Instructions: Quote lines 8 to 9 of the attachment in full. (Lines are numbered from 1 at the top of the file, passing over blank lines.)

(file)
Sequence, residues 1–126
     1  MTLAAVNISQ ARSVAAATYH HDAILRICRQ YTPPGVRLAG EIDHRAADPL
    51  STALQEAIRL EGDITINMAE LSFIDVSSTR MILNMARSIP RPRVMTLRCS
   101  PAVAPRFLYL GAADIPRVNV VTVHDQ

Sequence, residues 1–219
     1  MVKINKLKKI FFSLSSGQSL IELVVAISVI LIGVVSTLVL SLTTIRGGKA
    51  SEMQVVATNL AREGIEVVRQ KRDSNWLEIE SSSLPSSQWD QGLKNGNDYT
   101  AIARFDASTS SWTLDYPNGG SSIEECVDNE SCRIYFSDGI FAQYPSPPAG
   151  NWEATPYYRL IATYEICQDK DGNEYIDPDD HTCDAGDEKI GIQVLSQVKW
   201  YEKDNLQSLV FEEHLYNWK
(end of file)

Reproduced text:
   101  AIARFDASTS SWTLDYPNGG SSIEECVDNE SCRIYFSDGI FAQYPSPPAG
   151  NWEATPYYRL IATYEICQDK DGNEYIDPDD HTCDAGDEKI GIQVLSQVKW